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School Girl Raped & Tortured For 44 Days Before Killing: Story of Junko Furuta!


School Girl Raped & Tortured For 44 Days Before Killing: Story of Junko Furuta!

In the ebb and flow of time, calm moments often precede unimaginable storms. So it was in the serene streets of Minato City, Tokyo, in Japan, considered an emblem of peace. When the year 1989 quietly unfolded, it came out to be a year that would etch its mark in the history of human despair, and at its heart stood a 17-year-old schoolgirl named Junko Furuta.

Junko lived a regular life, blending into the everyday flow. She seemed like an average person at Yashio-Minami High School, doing well in her studies and making her parents proud. The city, unaware and going about its usual routine, was on the edge of a tragedy that would break the sense of safety and innocence.


1. A Radiant Soul Dimmed: Junko's Ordinary Beginnings

Junko Furuta was not a name that echoed through the halls of infamy. Instead, it resonated with the brightness of youth, the promise of a future painted with dreams, and the simplicity of a life untainted by the shadows. Yashio-Minami High School, where she carved her path, became a witness to her achievements. Her parents, like any others, held visions of a future adorned with the success of their beloved daughter.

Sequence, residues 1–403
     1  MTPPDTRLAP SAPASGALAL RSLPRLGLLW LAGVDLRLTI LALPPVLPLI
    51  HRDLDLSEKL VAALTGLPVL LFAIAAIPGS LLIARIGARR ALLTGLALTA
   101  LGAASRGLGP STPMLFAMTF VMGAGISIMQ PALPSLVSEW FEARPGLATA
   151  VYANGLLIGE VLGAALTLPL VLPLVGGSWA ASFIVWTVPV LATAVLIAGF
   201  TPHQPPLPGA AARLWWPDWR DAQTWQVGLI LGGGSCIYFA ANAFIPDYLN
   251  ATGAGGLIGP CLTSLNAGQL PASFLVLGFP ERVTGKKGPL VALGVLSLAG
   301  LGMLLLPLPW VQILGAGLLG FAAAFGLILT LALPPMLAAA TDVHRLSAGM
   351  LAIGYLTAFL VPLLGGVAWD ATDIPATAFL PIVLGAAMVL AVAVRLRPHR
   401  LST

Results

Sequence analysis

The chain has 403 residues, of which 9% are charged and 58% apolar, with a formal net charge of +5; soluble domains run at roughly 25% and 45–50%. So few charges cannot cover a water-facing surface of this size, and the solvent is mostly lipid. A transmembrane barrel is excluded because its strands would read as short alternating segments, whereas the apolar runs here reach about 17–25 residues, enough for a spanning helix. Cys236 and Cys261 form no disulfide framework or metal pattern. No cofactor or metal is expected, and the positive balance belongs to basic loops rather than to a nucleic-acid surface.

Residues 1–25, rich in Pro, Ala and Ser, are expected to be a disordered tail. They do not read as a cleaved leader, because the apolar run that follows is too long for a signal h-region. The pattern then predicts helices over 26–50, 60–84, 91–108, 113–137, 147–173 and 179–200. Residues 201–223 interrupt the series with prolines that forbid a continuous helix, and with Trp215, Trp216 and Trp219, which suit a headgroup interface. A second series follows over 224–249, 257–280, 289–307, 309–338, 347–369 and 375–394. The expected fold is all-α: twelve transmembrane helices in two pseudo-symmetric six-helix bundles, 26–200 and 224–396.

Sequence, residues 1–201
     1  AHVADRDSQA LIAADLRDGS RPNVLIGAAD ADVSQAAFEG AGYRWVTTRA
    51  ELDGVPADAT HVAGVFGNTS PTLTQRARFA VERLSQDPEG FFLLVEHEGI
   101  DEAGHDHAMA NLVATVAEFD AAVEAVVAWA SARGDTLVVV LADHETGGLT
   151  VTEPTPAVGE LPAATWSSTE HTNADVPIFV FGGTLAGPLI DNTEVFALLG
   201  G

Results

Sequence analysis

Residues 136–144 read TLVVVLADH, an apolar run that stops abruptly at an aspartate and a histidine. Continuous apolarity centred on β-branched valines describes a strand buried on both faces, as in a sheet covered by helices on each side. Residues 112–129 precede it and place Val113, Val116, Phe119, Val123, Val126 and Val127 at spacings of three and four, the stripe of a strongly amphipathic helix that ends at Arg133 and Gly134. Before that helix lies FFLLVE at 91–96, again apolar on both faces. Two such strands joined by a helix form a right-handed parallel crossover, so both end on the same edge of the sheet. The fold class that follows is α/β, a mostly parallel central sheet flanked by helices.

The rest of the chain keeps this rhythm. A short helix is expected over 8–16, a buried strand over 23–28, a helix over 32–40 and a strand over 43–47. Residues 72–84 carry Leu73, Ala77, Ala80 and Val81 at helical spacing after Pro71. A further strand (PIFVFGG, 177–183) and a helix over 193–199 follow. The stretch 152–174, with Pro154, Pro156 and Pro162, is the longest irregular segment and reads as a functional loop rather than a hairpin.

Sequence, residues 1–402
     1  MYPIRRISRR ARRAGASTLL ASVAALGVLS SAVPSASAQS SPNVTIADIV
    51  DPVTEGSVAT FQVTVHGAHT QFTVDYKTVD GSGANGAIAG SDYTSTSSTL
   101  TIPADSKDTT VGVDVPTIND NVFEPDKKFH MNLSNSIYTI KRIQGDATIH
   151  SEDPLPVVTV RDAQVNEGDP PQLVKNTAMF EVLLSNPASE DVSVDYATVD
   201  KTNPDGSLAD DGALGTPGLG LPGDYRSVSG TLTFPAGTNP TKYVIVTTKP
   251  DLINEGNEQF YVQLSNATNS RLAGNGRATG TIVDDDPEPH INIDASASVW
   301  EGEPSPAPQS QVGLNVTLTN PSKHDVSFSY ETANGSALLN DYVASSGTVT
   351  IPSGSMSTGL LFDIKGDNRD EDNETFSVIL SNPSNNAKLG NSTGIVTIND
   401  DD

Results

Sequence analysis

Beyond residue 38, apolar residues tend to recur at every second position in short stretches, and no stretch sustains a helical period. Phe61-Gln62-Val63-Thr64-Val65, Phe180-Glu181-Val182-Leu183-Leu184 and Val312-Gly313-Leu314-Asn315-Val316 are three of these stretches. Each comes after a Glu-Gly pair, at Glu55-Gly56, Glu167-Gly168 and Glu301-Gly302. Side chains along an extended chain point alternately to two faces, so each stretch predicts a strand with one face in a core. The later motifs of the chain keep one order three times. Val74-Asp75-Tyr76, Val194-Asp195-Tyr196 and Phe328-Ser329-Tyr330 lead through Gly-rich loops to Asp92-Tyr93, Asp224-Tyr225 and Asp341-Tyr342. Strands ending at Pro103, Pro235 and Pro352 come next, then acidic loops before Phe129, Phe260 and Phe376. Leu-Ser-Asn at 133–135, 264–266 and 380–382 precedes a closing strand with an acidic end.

As we step into Junko's journey, we invite you to walk beside us through the ordinary and the extraordinary, where the tragedy unfolded in the most unexpected corners of a city that thought it knew itself.


2. The Shadow of Miyano: Unraveling the Yakuza's Influence

There was a brewing problem at Yashio-Minami High School, and it all centred around an 18-year-old named Hiroshi Miyano. He was known as a bully in the school, and he claimed to have connections with the mysterious Yakuza. This made people uneasy and added a sense of danger to the situation.

Junko Furuta unwittingly became entangled in this web of malevolence as soon as Miyano approached her. When Junko rejected him to protect herself, it fueled a malevolent rage within Miyano, setting the stage for a mishap that happened.


3. A Fateful Night: When Paths Crossed in Misato Park

On the evening of November 25, 1988, as the city draped itself in the cloak of night, Junko pedaled her way through Misato Park, unaware of the fact that the path she traversed would soon intersect with Hiroshi Miyano and his three accomplices - Shinji Minato, Jō Ogura, and Yasushi Watanabe.

Minato knocked Furuta off her bike to distract her. Then Miyano came in, acting like a helpful person who was just passing by. He helped Furuta get up and offered to walk her home, and she agreed without realizing his true intentions.

The convergence of these paths, which might seem random in the big picture of a city's night, led to a terrible experience that deeply affected not just Junko but also the thoughts and feelings of the entire nation.



4. The Horrors Unleashed: 44 days of hell